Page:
Odds and Ends

The Hill reports that Senate followed the House’s lead yesterday by passing a bill to suspend the federal debt ceiling until March 15, 2015. The next deadline which impacts the FEHBP is the March 31, 2014, expiration date for the current Medicare Part B fix. Congress has settled upon a solution to the problem but has not announced how they plan to pay for the solution. Modern Healthcare has more on this issue here.  

Health Data Management reports that the American Medical Association is taking asking the Secretary of Health and Human Services to reconsider the looming ICD-10 code set compliance date.  Under HIPAA, health plans must implement electronic claims transaction changes mandated by HHS like the ICD-10 code set.  The ICD is a code set that all healthcare providers use to provide diagnosis codes on electronic health claims and hospitals also use to provide procedure codes on those claims. The current ICD-9 uses five digit codes. The ICD-10 uses 6 digit codes. Just adding a digit to a field can be expensive. However, the digit was added in order to permit the explosion of codes and that explosion requires more system reprogramming and retraining for coders.

Health plans have spent millions on implementing the ICD-10, and HHS has extended this compliance date once from October 1, 2013, to October 1, 2014. HHS’s principal stick is that larger medical offices must submit claims electronically to Medicare, and HHS has said that Medicare will reject electronic claims with ICD-9 codes for services provided on or after October 1, 2014.  Smaller practices can use paper claims but HHS has changed the paper claim form so that providers can fill in the ICD-10.  It’s a mess. The FEHBlog does expect that HHS will delay the Medicare claim rejection date for a few months when push comes to shove later this year.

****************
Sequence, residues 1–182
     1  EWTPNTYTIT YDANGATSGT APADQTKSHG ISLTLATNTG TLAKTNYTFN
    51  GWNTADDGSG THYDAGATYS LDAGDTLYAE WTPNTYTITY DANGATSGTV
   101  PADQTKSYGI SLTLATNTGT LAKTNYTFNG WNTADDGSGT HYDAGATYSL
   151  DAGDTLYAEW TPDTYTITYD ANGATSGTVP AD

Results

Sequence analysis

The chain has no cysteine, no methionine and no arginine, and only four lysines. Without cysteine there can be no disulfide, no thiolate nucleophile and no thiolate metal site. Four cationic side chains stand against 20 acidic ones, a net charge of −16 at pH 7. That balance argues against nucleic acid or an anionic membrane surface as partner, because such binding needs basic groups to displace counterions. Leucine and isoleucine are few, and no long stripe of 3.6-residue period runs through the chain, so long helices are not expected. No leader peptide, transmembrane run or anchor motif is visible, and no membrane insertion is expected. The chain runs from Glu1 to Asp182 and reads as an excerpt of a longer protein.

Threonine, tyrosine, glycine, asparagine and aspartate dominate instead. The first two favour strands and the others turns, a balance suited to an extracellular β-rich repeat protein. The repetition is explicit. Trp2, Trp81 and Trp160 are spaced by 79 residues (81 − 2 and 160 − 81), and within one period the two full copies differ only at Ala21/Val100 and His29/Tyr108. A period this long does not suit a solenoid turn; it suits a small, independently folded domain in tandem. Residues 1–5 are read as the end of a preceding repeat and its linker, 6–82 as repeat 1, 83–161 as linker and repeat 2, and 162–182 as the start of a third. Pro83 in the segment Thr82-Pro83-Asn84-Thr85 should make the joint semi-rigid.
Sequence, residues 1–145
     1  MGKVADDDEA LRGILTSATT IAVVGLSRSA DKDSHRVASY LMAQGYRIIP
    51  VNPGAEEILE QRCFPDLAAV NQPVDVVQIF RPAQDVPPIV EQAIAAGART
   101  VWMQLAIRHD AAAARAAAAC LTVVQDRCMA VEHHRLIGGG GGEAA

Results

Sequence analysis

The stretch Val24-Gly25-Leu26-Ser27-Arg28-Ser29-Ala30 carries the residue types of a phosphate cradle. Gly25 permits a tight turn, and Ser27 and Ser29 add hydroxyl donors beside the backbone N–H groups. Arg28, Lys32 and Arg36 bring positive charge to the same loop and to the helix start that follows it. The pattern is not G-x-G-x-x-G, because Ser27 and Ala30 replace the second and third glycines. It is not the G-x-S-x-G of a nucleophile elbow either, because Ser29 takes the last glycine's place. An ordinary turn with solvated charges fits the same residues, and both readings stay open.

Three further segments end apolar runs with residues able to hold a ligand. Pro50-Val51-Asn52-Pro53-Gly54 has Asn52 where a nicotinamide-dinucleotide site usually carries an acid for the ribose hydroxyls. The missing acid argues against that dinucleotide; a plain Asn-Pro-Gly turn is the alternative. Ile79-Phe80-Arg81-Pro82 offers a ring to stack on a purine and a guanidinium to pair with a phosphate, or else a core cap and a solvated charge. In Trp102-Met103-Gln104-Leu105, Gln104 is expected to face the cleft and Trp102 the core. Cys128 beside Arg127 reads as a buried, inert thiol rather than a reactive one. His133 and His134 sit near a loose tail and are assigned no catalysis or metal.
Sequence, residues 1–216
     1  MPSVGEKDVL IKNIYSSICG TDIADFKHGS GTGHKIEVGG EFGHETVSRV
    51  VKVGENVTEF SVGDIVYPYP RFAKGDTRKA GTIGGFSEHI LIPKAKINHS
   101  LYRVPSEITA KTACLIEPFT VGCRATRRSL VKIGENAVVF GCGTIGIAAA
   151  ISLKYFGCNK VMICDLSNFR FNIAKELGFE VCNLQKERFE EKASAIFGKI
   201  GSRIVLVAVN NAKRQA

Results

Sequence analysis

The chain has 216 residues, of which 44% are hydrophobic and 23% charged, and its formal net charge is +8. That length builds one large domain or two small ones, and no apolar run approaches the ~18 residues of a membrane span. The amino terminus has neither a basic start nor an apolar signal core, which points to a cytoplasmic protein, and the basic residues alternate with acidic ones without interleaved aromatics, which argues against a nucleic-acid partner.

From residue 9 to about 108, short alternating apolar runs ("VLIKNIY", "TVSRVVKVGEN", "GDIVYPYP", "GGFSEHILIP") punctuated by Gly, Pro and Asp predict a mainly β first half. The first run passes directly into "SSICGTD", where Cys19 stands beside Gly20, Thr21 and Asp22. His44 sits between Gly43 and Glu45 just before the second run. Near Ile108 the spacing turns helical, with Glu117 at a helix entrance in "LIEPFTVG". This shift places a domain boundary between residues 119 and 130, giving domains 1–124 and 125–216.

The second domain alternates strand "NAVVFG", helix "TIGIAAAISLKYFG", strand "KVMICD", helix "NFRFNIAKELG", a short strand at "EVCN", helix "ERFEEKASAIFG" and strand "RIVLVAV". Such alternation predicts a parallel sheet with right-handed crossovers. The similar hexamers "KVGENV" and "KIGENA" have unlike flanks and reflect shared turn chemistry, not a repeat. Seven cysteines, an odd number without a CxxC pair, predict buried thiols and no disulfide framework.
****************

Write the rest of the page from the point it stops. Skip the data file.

The New York Times reports that a large scale, longitudinal study that evenly split 90,000 participating women between breast exam and mammogram screening groups over a 25 year period found equivalent results in terms of identifying breast cancer and death rates. “The death rate from breast cancer was the same in both groups, but 1 in 424 women who had mammograms received unnecessary cancer treatment, including surgery, chemotheraphy, and radiation.” The article concludes

In the United States, about 37 million mammograms are performed annually at a cost of about $100 per mammogram. Nearly three-quarters of women age 40 and over say they had a mammogram in the past year. More than 90 percent of women ages 50 to 69 in several European countries have had at least one mammogram.
Dr. Kalager, whose editorial accompanying the study was titled “Too Much Mammography,” compared mammography to prostate-specific antigen screening for prostate cancer, using data from pooled analyses of clinical trials. It turned out that the two screening tests were almost identical in their overdiagnosis rate and had almost the same slight reduction in breast or prostate deaths.
“I was very surprised,” Dr. Kalager said. She had assumed that the evidence for mammography must be stronger since most countries support mammography screening and most discourage PSA screening.

The FEHBlog’s concern is that the ACA’s “free” preventive care mandate politicizes the practice of medicine even more than it had been.

Health insurers, including FEHB plans, must implement and report on NCQA HEDIS quality metrics, but so do health care providers. A pediatrician writing in the Wall Street Journal this morning reports on quality metric overload.

There are certainly good metrics. “Med reconciliation,” reviewing and updating medication lists when a patient meets with a physician, is well-accepted as a good metric. But many other measures have little bearing on improving patient health. Would you rather your doctor won the “quality” contest by doing good list management and robust box checking or spent that time listening to you?


Leave a Reply

Your email address will not be published.